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PET-CT accurately identifies colorectal metastases with poor prognosis

NEW YORK (Reuters Health) – In patients with potentially resectable colorectal liver metastases, the use of combined PET and CT imaging (PET-CT) identifies those with occult extrahepatic disease and who are therefore deemed incurable, according to a UK team

However, within this group, a subset demonstrates a better-than-expected outcome “and as such, might benefit from a more aggressive surgical approach, but with palliative intent?” the researchers suggest.

Dr. Hassan Z. Malik and colleagues at University Hospital Aintree, in Liverpool, evaluated outcomes in 532 patients with colorectal liver metastases seen at their tertiary hepatobiliary unit since the introduction of PET-CT for staging in 2008.

The patients fell into three categories: 80 patients were found to have occult extrahepatic disease detected by PET-CT, which rendered them unresectable, and were therefore offered palliative care; 161 patients were offered palliative care upfront because of extensive multi-site disease seen on initial CT or because of progression during chemotherapy; and 291 underwent surgery with curative intent.

Median overall survival was 10.9 months in the group with extrahepatic disease, 12.0 months among those with multi-site or progressive disease, and 46.7 months for those who underwent surgery. Corresponding rates of five-year overall survival in the three groups were 6.5%, 6.1% and 43.0%, the authors report in the European Journal of Surgical Oncology online November 15.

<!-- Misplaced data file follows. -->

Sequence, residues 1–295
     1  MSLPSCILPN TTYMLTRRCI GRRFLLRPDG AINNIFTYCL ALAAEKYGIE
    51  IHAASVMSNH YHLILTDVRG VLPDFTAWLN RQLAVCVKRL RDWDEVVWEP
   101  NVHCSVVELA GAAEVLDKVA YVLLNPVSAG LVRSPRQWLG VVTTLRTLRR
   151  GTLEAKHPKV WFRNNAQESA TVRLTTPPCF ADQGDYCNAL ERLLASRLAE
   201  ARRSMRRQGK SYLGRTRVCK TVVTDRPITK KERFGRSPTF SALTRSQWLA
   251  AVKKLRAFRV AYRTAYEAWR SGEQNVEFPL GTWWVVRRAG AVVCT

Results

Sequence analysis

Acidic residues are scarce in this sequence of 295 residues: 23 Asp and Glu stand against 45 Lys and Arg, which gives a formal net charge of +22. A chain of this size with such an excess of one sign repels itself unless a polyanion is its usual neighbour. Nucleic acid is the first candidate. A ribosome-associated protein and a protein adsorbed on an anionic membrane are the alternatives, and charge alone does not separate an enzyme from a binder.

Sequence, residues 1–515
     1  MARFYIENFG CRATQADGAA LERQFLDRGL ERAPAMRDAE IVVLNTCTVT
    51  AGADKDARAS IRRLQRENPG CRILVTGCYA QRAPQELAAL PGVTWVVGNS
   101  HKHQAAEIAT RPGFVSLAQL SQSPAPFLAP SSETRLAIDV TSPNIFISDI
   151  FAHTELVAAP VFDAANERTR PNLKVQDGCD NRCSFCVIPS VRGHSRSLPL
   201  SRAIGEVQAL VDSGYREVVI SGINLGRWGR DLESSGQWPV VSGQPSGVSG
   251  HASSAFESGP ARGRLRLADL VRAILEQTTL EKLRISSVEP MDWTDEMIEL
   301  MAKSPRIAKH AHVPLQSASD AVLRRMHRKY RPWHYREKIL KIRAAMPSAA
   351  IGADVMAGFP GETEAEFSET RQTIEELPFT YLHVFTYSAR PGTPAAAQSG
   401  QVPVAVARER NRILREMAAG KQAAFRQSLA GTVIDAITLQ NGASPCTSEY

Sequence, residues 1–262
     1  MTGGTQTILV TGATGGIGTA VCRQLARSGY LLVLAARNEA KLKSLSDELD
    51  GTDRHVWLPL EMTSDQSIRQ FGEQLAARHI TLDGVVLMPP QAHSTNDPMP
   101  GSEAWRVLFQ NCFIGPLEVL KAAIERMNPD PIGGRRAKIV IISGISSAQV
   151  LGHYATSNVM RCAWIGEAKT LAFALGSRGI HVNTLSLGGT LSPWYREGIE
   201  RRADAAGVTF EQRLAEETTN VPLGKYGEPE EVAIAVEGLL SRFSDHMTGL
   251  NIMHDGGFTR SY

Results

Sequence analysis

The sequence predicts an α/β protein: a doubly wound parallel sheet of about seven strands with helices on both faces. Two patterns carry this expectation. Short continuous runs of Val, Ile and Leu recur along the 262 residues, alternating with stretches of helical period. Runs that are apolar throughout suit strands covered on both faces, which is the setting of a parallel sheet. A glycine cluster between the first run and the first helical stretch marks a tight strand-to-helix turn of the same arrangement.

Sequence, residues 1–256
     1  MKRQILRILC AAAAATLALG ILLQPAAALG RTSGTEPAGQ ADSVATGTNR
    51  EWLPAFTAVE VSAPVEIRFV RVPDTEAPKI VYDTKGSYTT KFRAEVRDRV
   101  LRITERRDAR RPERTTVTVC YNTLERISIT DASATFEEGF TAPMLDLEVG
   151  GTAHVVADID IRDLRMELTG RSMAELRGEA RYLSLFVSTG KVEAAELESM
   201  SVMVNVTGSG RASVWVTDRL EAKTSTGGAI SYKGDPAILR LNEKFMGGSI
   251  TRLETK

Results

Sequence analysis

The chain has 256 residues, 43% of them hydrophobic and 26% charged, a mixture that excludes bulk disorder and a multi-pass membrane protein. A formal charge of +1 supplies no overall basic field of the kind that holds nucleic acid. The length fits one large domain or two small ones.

“We have confirmed that PET-CT is effective in selecting patients with occult extrahepatic disease, who have a poor survival outcome as those patients with disease progressions during chemotherapy,” Dr. Malik and colleagues conclude.

When they further analyzed outcomes in the group with extrahepatic metastases, they found that survival varied with the extent of disease. Median overall survival was 15.0 months for those with metastases in only the abdomen or pelvis; 11.0 months among patients with both thoracic and abdominal/pelvic involvement; and 8.1 months for those with non-torso metastases.

The trend toward better survival in the single-compartment versus dual-compartment metastatic groups was not statistically significant, the investigators note. “Nevertheless,” they conclude, “it does raise a controversial question as to whether there is a role in offering more aggressive surgical intervention to patients in this highly selective single compartment metastatic group.”

SOURCE: http://bit.ly/1bCiwnz

Eur J Surg Oncol 2013.